A new series, The Way We Were, aired on RTÉ over the last couple of weeks.
The three episodes detailed how Irish people holidayed, shopped and worked in the 20th century.
People below a certain age, such as the millennials of 1980 onwards, probably laughed and cried in equal measure watching it.
Specifically in relation to how women in Ireland were treated, there was probably more crying and cringing than laughing.
Considering the number of reports into abuse that we, as a country, have generated over the last number of years, a fourth instalment, The Way We Were – How We Treated Our Most Vulnerable, would have sufficient content for an episode of its own.
During this era, tragically, the way we were also allowed the proliferation of mother and baby homes.
I, like Damien O'Reilly, listened to the women and their babies (now adults) who are forever impacted by the time they spent in those homes.
I do think that society should bear some guilt
Farms, farmers, succession, inheritance and poverty are noted multiple times in the report. There is no absolution for rural Ireland.
Writer and broadcaster Fionn Davenport, who was born in a Dublin home, responding to the comment in the report that society at large was complicit, said: “If you blame everyone, no one is to blame.”
I agree, but I do think that society should bear some guilt. The millennial generation referred to previously have no link to these atrocities, but it is important that they acknowledge how society, the Church and the State turned a blind eye to the suffering of Irish women over several decades.
Women, children and other groups are still being abused in this country and the excuse that “it’s not my business” lingers.
The agency gets around 50,000 referrals of suspected child abuse each year
Tusla CEO Bernard Closter in an interview with Michael Brennan in the Sunday Business Post said the agency’s focus on domestic violence has increased.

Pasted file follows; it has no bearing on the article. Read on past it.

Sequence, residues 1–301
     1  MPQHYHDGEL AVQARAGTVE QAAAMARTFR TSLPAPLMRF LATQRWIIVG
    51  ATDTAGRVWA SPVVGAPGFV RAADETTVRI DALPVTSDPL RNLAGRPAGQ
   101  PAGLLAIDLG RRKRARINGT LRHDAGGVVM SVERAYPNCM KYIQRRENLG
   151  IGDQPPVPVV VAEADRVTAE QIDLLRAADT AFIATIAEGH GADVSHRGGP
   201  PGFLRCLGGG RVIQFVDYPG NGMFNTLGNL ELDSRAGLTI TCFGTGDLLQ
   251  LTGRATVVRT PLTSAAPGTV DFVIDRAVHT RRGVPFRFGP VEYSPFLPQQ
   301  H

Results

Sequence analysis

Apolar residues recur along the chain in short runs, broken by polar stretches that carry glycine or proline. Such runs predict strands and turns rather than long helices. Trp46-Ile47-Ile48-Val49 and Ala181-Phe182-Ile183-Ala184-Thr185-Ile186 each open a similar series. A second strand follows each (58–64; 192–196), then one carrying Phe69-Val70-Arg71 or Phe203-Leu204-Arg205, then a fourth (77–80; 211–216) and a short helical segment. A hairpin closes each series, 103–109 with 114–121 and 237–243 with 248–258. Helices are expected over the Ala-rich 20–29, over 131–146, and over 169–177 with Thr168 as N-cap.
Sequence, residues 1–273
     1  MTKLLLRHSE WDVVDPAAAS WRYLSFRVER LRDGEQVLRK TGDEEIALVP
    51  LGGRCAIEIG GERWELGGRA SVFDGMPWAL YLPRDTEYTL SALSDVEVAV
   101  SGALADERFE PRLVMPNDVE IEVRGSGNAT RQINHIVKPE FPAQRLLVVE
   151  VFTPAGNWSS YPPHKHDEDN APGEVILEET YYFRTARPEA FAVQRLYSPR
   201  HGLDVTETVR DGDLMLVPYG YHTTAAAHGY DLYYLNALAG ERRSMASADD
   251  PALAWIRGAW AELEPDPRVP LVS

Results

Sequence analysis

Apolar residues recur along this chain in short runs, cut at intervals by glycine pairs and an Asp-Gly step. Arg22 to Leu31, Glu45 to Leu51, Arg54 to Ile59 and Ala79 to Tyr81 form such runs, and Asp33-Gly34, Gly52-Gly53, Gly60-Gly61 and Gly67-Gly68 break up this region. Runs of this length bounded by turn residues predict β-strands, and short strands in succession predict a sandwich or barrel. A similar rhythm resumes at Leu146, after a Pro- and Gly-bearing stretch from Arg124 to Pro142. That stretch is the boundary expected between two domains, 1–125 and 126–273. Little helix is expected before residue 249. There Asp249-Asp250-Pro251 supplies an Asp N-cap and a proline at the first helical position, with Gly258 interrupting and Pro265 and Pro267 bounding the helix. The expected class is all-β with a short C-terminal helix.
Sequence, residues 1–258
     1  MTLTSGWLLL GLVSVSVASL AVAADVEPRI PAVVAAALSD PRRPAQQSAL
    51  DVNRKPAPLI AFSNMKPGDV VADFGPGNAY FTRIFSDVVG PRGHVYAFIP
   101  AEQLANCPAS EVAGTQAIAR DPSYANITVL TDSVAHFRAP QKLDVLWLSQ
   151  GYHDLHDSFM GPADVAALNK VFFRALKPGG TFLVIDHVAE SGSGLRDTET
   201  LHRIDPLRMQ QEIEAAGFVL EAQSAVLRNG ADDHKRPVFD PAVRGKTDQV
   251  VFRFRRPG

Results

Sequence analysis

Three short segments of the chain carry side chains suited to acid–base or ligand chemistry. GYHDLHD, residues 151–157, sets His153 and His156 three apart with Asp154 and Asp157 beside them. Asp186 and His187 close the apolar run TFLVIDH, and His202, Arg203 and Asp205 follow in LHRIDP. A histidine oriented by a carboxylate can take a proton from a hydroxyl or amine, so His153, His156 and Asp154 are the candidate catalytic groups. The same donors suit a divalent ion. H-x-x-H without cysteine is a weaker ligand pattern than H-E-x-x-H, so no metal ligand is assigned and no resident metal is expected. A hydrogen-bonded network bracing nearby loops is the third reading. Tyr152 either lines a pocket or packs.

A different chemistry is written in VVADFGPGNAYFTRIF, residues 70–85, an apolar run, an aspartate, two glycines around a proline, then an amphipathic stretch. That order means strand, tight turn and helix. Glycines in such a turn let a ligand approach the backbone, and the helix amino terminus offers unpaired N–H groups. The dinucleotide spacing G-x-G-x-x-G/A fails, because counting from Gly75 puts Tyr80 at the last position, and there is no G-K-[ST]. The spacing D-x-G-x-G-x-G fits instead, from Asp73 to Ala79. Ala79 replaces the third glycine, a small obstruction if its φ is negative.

This is happening because the pandemic has kept these victims, described as “overwhelmingly female”, in closer contact with their abuser.
The agency gets around 50,000 referrals of suspected child abuse each year.
The majority of vulnerable children now live with foster families.
While Tusla policy is to keep children in their family home if at all possible, the constraints around COVID-19 have led to a rise in the number of children requiring emergency foster care.
Maria Moynihan spoke with Catherine Bond of the Irish Foster Care Association, which marks 40 years in operation in 2021, as to why people choose to foster and the benefits and tribulations that it can bring.
Last November, Monaghan pig farmers Seán and Sheedy Brady, who have fostered 35 children over the years, were featured on RTÉ’s Countrywide.
If anyone has an interest in getting involved with fostering, it is worth looking up this podcast (21 November 2020) and listening to the Bradys talk about their experiences.
I sometimes wonder has much changed
I was talking to a lady-farmer friend on Sunday last who had unearthed some paraphernalia from a 2003 event organised to support women in agriculture.
“I sometimes wonder has much changed,” she lamented.
This is true for so many areas which impact on women. Progress is very slow.
However, as the 20x20 campaign which aimed to increase the participation in and media coverage of women’s sport demonstrated, progress can and will be made.
Just because that was the way we were, does not mean that has to be the way we will be.